As a field of research, "greenstructure and urban planning" is concerned with the spatial structure of green areas in the urban landscape and with all planning activities that are essential to create conditions for green areas to perform their vital role for the quality of urban life. The concept of "greenstructure" is used to indicate the position of green areas in the urban landscape. As such "greenstructure" has spatial, social and technical dimensions. The latter is sometimes referred to as "green infrastructure". "Greenstructure", however, is also a planning concept, indicating the intention to develop planning and management tools for a structural role of green areas in the urban fabric and the urban organisation. In this context the proposed COST action is not in the first place concerned with greenstructures as a technical object. Rather, greenstructures are seen in a problem and opportunity perspective. Research in this perspective includes both empirical and normative aspects.

 

Problems of green areas are related to intensive use, building activities, fragmentation by roads, pollution, noise and other forms of pressure imposed on green areas and open space in the existing cities. On the edge of the city there is increased pressure of sub-urbanisation and traffic on surrounding greenbelts. In many cases, green areas are small and scattered. In some cases, however, greenstructure is seen as an opportunity: "green fingers" or "greenways" are turned to backbones of urban development. As there is always some relation to the landscape underlying the urban history, green areas may significantly contribute to the identity of a neighbourhood, a city or an urban region. Cities have developed experiences in addressing these problems and using these opportunities. The proposed COST action will promote the exchange and evaluation of these experiences.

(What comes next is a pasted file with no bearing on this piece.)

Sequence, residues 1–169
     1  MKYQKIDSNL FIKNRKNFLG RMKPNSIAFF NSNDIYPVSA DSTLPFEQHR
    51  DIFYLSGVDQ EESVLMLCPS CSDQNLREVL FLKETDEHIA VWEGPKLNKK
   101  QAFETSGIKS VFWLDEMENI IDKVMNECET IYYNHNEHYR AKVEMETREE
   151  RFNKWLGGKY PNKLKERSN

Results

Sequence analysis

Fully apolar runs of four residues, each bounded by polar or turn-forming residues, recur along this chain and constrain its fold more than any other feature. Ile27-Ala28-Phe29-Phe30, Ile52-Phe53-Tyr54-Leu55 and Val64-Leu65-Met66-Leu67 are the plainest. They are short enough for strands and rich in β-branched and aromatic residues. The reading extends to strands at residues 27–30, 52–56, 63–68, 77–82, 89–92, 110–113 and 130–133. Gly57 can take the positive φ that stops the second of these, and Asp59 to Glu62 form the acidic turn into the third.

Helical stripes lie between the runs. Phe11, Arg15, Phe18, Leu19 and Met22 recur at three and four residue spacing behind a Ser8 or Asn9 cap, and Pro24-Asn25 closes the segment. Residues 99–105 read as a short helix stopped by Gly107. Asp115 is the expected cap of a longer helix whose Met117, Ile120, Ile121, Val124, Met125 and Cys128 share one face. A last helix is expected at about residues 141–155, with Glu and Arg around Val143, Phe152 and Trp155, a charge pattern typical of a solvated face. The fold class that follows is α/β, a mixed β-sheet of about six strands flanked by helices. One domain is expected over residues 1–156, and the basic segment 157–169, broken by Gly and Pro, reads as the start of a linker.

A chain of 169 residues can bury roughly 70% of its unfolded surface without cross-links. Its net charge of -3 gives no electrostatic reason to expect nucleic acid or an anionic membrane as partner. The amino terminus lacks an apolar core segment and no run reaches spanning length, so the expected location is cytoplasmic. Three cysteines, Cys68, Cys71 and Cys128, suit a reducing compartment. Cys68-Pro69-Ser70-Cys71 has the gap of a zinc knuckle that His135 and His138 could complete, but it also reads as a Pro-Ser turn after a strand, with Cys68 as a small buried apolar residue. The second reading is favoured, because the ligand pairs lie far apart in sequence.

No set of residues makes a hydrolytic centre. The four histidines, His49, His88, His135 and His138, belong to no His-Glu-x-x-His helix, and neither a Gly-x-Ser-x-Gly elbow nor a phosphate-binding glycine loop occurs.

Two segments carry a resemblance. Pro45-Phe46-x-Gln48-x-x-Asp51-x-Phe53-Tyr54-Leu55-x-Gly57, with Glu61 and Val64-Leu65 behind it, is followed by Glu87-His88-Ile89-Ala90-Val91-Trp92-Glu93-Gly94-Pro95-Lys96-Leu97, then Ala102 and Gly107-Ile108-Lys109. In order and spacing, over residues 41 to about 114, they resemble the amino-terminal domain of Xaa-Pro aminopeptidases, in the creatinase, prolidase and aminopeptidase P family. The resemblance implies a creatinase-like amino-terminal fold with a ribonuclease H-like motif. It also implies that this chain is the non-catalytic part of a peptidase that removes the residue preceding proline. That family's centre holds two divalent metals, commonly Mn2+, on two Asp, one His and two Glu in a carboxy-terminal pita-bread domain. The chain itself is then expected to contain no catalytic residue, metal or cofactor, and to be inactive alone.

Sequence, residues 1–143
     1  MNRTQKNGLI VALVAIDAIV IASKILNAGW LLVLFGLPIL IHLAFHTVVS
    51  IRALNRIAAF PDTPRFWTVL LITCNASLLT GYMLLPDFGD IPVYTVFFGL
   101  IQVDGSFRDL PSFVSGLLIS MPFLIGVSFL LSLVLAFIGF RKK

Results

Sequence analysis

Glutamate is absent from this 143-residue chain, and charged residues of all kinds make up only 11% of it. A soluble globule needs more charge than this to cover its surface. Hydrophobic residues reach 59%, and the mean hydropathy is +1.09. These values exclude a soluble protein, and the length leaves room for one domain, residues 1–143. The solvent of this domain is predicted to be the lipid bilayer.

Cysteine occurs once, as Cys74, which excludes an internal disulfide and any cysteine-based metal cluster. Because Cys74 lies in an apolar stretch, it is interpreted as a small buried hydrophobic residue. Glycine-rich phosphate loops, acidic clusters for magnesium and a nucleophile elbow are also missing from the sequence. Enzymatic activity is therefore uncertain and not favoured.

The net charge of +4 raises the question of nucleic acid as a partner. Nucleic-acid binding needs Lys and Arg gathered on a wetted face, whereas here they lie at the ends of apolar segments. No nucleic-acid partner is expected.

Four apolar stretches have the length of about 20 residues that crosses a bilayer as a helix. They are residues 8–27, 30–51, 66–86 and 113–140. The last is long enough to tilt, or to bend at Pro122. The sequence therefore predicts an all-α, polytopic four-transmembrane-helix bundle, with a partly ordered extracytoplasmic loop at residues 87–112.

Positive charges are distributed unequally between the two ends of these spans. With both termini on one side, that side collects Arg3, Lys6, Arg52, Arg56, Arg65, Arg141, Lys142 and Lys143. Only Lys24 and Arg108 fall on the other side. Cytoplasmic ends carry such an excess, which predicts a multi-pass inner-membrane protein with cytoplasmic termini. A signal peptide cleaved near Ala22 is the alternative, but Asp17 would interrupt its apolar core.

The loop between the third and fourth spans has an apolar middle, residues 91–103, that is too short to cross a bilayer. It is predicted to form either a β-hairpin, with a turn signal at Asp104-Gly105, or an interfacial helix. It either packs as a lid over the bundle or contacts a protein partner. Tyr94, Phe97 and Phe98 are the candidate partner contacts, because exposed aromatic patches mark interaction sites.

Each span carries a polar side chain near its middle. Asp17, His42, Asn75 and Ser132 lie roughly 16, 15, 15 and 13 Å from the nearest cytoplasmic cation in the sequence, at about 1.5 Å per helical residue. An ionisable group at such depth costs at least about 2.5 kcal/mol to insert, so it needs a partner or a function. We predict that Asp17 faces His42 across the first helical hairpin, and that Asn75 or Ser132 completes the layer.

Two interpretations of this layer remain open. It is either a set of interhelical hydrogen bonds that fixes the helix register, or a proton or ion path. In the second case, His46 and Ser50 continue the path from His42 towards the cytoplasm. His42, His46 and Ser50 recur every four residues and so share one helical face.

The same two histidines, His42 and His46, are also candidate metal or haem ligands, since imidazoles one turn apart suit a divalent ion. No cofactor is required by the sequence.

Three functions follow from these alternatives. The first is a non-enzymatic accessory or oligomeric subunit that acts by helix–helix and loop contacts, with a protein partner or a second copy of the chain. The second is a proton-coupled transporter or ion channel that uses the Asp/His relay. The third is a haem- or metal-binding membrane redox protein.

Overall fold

Experiences include urban planning issues like approaches to disperse suburban growth, corridor concepts and "compact city" strategies. They also include approaches to communication and decision making, to public-private partnerships, to the real estate and housing market, to technical infrastructure planning and to urban design. The participating researchers and planners may learn from a comparison and assessment of conceptual tools and operational methods used in different cities.

 

To many citizens, green areas are for recreation and sports, but the city's greenstructure also may improve air quality and mesoclimate. It may contribute to biodiversity. It may perform water retention functions and create attractive cycle tracks. The multifunctional nature of greenstructures clearly shows their potential role in ecologically sound and sustainable urban development.

 

 

In relation to other COST actions, Greenstructure and Urban Planning focuses on the planning issues related to green areas and urban open space. The proposed action will complement other European research programmes and contribute to solving problems raised through other COST actions such as A9 "Transformation of European cities and urban governance" (CIVITAS), C8 "Best practice in sustainable urban infrastructure" and E12 "Urban forests and trees".

 

State of the art

The knowledge collected and discussed during the meetings mentioned in the first section may be categorised in three fields: areas, flows and actors.